The greatest legacy we pass on as fathers is not our inheritance. It is not even our good name. It is the spiritual heritage that we give to our children, desiring them to walk in the way of the Lord.
When David was on his deathbed, he said to his son,
"As for you, my son Solomon, know the God of your father, and serve Him with a loyal heart and with a willing mind; for the Lord searches all hearts and understands all the intent of the thoughts. If you seek Him, He will be found by you; but if you forsake Him, He will cast you off forever" (1 Chronicles 28:9 NKJV).
God has placed parents as the authorities in the life of the child. And in many ways, we as fathers represent God to our children.
A story I've often told about a little boy illustrates this well. The little boy was frightened one night by a very loud thunderstorm. He called to his father in the next room and said, "Daddy, I am scared."
His father called back from the next room, "Son, don't be scared. God is with you."
The boy paused for a moment and then said; "Yeah, but I want someone with skin on right now."
Fathers, in many ways, are like God with skin on to their children. I don't mean that literally, but I do mean that fathers are the representatives of God to that child.
Consider this: many of the attitudes a child will develop about God will be based on their relationship with their fathers. While I am not trying to lay a guilt trip on fathers, I do want to say that we fathers need to do everything we can to be a godly influence on our children. When our children see their mom or dad contradicting what they know is true, great damage can be done. Sadly, many children do not honor their parents simply because they are not very honorable. Many adults have never grown up themselves, so they abandon their responsibilities to their families to chase after their own interests.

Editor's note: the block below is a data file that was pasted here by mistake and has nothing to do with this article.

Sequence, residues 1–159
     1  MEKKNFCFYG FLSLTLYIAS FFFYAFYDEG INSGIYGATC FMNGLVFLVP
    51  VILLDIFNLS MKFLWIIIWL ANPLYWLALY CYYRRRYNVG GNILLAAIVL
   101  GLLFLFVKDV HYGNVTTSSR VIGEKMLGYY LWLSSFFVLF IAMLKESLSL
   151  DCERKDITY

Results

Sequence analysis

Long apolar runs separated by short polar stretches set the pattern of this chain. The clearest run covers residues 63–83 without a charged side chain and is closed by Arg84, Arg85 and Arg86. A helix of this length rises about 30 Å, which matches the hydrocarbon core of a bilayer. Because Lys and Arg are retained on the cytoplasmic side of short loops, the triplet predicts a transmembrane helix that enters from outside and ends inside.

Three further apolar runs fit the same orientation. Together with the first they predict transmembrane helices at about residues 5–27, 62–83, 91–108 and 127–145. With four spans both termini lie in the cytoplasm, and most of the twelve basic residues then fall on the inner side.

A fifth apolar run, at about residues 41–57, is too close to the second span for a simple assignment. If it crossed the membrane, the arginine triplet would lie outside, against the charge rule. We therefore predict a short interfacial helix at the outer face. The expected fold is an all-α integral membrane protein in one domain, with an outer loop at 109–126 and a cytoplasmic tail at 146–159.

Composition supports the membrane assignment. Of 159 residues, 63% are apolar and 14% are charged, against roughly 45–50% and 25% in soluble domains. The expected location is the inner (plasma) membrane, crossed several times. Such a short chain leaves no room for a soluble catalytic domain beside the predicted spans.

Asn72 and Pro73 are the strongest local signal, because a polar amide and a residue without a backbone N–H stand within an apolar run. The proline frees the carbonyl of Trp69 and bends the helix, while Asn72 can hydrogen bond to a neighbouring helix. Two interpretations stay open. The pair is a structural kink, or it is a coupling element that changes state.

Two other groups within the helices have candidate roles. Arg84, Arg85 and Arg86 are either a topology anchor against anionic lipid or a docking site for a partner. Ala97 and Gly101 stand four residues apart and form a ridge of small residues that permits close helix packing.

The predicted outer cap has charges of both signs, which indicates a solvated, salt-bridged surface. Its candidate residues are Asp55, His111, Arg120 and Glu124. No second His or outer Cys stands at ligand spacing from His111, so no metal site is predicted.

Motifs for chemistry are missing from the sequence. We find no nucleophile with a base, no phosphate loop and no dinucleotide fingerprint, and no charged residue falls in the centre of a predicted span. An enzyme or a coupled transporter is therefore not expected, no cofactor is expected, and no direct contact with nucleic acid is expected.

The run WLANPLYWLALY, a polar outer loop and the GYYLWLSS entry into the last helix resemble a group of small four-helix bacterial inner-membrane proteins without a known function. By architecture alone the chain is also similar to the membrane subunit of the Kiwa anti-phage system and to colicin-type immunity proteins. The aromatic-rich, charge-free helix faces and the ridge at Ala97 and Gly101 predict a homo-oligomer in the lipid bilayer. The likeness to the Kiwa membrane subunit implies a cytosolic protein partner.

That is why Andrew Murray said, "The secret of home rule is self-rule: first being ourselves what we want our children to be."
Our children must see the gospel lived as well as preached. We are not only to be witnesses to the world. We also need to be witnesses in our homes. Children pay attention to what really matters to us and how our Christianity affects us in day-to-day living.
You are an example. The question is, will you be a good one or a bad one?
We find an interesting insight in an often-quoted passage regarding parenting — one that is usually quoted when children go astray. Proverbs 22:6 says, "Train up a child in the way he should go, And when he is old he will not depart from it" (NKJV).
This phrase, "in the way," could also be translated, "in his bent." The Amplified Bible translates it this way: "Train up a child in the way he should go [and in keeping with his individual gift or bent], and when he is old he will not depart from it."
We see in this a recognition that every child is different. I hope, as parents, that we realize this about our children. Every child has a unique and distinct personality. Just as no two snowflakes are exactly like, it is the same with children.
This is why we need to observe our children. We need to watch our children. Then we need to adapt our training accordingly.
This doesn't mean we turn away from the principles of Scripture, but that we adapt them to each child. For example, stern words get some children in line, while others need a different approach.
My point is that we need to recognize the unique characteristics in the lives of the little ones whom God has entrusted to our care. We want to do our best to point them in the right direction and train them in the way of the Lord.
How often we think, "I'm too busy for the kids!" Yet time goes by so fast. Treasure each moment with your children, and don't neglect them. Express your love to them.
To know that our children walk with the Lord — that is our great hope. But we need to remember that they don't belong to us; they belong to God. Our responsibility is to point them to Him.
When life brings us trouble, can we still find joy? That’s a question so many ask eventually. Monday on A NEW BEGINNING, Pastor Greg Laurie points to the Apostle Paul’s best counsel on happiness . . . words written while he himself was under house arrest. Good encouragement coming!All Sermons by Greg Laurie